This post first appeared on Erica's blog.
Let's support 'farms that aren't worlds into themselves, farms that restore instead of deplete, farms that farm extensively, instead of intensively, farmers that are not just producers but are experts in relationship' –Dan Barber, TEDX Cambridge, May 17, 2010
TedX Cambridge brought together chefs, psychologists, writers, designers, and engineers for an intimate look at science, art, and the future of food.
Food is not just about sustenance; food is about building community and motivating higher service that can change the world. Currently, consumers and citizens have been subjected to arbitrary food norms. With self controlled mechanisms and greater transparency, consumers can become more rational, ethical, and environmental, making choices that are better for them and for the planet.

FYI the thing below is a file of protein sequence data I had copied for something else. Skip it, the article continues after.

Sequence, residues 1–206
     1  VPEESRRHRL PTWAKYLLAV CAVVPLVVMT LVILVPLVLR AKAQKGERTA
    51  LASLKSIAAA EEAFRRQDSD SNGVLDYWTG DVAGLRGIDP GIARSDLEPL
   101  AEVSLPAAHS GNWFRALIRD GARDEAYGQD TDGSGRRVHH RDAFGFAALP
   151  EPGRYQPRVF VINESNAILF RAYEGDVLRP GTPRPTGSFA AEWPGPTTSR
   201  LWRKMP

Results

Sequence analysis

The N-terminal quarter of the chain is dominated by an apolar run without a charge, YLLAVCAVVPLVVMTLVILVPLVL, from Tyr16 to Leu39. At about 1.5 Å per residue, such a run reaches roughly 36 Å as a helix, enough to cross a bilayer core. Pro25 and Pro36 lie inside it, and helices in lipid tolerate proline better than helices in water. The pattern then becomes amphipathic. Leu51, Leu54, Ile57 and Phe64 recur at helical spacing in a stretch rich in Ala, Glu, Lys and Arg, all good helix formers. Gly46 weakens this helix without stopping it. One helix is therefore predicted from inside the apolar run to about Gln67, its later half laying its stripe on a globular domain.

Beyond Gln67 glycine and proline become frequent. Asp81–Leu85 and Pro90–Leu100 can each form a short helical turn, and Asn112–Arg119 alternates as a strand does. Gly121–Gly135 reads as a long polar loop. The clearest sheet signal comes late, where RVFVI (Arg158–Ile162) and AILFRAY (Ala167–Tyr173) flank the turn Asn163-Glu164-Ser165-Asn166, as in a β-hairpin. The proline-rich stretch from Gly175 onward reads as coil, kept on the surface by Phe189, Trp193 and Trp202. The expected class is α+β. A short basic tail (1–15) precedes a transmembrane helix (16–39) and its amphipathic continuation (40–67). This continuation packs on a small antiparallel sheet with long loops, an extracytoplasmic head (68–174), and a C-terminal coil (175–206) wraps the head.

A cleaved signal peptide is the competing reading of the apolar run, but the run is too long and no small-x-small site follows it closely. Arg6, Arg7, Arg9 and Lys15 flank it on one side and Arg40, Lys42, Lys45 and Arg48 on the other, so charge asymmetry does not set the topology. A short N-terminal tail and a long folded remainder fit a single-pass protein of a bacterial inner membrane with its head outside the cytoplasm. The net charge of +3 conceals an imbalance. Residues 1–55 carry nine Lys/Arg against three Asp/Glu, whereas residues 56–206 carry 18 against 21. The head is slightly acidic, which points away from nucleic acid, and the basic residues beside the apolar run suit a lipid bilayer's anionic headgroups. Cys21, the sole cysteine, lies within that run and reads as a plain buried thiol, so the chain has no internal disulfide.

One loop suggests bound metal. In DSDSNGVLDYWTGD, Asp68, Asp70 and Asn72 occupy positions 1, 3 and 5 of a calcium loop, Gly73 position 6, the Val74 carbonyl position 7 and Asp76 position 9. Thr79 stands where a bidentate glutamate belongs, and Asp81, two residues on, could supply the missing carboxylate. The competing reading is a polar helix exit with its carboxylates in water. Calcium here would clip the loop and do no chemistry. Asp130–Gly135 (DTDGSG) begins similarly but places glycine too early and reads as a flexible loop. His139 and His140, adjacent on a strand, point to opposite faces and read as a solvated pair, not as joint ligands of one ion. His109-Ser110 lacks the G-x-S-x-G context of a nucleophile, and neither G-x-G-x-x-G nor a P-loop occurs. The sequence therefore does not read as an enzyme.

TEDX reminded me not only about how we eat, but also how we get the food we need to eat. This inspired me to look at new parameters on how consumers eat, whether local, organic, or fair trade. I was constantly reminded to not only look at how healthy our food is, but also how ecological and ethical it is.
The day’s event also brought up many challenges facing the sustainable food movement:
- Youth: Children in schools need healthier food, while at the same time, they desire junk food due to media and social influences
- Education: The average age of a farmer is 60 years. In 20 years, their knowledge will not be passed on to the next generation. Agriculture schools are not teaching about food production anymore. They are teaching how to get jobs.
- Parents: Parents play a major role in influencing children and the next generation of consumers, but it is very difficult to change mindsets when competing on taste, convenience, and price.
- Food companies: Food companies can help change mindsets, they can build marketing campaigns that will influence consumer buying habits, but it becomes much more difficult when these initiatives hurt their bottom line.
I’d like to end this post with a thought that came from David Gracer’s TED talk.
“Why are we not eating more bugs? They can't give us pandemics (there is no cricket flu unlike swine or avian flu) & 2) their nutrition content can compete with any other food.” Yum…
Crickets & Toast below